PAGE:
Dementia is one of the diseases that lack a cure to date.
As a result, it’s one of the most challenging illnesses for a senior patient to experience and for caregivers to assist with.
The good news is the greatness that new technology has brought into the world. The new technology helps to ease the tension, anxiety and also improves the quality of life for the patient.
It helps the patients take care of themselves, reduces risks at home, and also reduces stress. It means that there is a lot of good that comes along with the invention.
Here is an ultimate list of the best technology assists for dementia patients and their caregivers.
1. Calendar apps
Calendar apps are great, especially when the caregivers have a lot to do. The caregiver needs to remember all the responsibilities on their list.
The list will feature automatic reminders which one can set several times in a day, a week or a month. The user can also use the calendar to track the patient’s medication schedules, measure when tests are due, or the doctor’s appointments.
The good thing is, the family can share the calendar, making sure that several people stay alert.
That allows multiple caretakers to remain connected, therefore, ensuring there is someone to take care of the patient.
Unfortunately, dementia has become an epidemic. It is now the biggest cause of death amongst women in many countries, and millions of people live with it every day.
However, treatments are improving, and early diagnosis is key, at least according to FirstCare Dublin boss Jane Byrne.
2. Dementia clocks
There are clocks specifically designed for patients with dementia. These are large faced clocks that help ease anxiety, usually associated with the diagnosis.
Most of the time, people with dementia will find it difficult to tell time. When the clock is easy to read, it helps the patients to distinguish time. It reduces confusion or worries if the patient is already prone to forgetting.
They even have some clocks that, with a push of a button, will tell you the time, date, or even what day it is.
The clock is also an excellent take for the caregivers trying to make a routine showing the sick ones that they time they say is correct.
3. Electrical appliance use monitoring
Today, caregivers who don’t live in the same compound as the patients have a simple task in monitoring how the patient handles electronic devices.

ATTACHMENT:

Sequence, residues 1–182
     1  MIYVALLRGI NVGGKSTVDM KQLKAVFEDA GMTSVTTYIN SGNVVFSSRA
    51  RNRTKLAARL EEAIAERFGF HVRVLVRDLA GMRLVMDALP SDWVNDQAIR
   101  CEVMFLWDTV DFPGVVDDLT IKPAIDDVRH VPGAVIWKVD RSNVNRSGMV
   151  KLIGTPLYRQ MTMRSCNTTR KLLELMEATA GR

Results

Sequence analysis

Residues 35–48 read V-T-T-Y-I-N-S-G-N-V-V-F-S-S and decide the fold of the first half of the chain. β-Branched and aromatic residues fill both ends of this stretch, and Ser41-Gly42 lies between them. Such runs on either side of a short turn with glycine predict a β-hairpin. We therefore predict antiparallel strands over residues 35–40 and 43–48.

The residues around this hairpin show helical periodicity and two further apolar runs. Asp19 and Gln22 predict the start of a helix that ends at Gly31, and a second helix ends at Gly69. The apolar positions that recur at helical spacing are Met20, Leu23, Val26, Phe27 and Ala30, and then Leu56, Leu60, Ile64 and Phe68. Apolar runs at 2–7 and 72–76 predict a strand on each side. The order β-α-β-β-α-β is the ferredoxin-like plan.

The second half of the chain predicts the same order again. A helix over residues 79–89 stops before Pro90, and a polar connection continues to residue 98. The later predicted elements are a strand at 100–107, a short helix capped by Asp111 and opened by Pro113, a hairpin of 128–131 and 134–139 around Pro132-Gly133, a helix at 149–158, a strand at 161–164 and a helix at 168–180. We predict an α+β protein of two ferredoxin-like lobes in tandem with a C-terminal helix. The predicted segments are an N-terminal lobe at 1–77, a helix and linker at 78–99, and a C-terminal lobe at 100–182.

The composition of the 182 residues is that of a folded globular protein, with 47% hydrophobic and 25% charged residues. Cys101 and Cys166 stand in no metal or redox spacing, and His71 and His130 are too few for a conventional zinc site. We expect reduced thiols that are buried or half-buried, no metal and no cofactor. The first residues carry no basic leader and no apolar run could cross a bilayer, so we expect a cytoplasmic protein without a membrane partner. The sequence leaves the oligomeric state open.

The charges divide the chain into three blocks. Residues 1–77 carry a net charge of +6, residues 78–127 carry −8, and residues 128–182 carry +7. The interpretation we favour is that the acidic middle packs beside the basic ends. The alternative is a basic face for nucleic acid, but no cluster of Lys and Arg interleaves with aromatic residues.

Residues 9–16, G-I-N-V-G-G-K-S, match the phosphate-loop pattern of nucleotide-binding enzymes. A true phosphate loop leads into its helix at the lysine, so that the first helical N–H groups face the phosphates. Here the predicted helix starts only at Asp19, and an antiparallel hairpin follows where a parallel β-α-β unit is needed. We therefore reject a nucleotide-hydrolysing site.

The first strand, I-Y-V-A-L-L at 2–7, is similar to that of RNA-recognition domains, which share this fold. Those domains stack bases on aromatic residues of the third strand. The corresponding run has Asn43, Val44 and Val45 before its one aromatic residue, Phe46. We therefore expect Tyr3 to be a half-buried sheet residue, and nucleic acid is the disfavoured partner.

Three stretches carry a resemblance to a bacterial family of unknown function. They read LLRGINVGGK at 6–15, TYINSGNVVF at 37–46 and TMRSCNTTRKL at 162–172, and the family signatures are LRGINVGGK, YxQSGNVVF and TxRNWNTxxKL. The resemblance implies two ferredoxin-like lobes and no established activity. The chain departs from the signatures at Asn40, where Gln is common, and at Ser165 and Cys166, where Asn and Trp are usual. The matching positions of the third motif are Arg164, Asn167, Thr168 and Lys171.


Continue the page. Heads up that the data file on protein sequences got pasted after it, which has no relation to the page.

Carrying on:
These include TVs, radios, laptops, microwaves, and other electrical devices. By using this, the caregivers can even monitor if center appliances are properly turned off or what are currently in use.
Although dementia is a devastating disease, which until now has very little improvement in curing, innovations as simple as monitoring a patient help to make the management of the disease easy.
4. Home care robots
Researchers, engineers, and innovators in different fields have come up with home care robots that help provide patient care to help relieve the hardships in caring for a dementia patient.
Although this is considered a big advancement in inpatient care, they are mostly designed to only help and not replace human care. They can do house duties and remind the people to take medication.
They also have an alarm to alert the doctors when assistance is urgent. Homecare robots are foreseen as the future of caregiving. But again, they are not to replace actual care from a human caregiver.
5. In-home Cameras
In-home cameras help to track the activities of the patient when the caregiver is a distance away. First and foremost, they help ensure the safety of the patient.
The camera also helps to see if the patient is taking medication, therefore, relieving the caregiver’s tension. Some cameras will even allow you to communicate with the patient making sure that they are just fine.
They also have a programmed alert system, in case there is a long period passing without any movements dedicated.
These are just a few of the technology assists for dementia and caregivers. They help in making it easy to take care of the patient.
Some examples of robots help to give the caregiver a relaxing time. The expectation is that, in the future, more technology assists will help cure the disease completely.
About The Author:
Holly Clark has been working in the care industry for 5+ years as a project coordinator. She regularly blogs about both the personal and practical challenges of caring and is always actively working on producing informative content. Holly is currently writing for FirstCare.ie.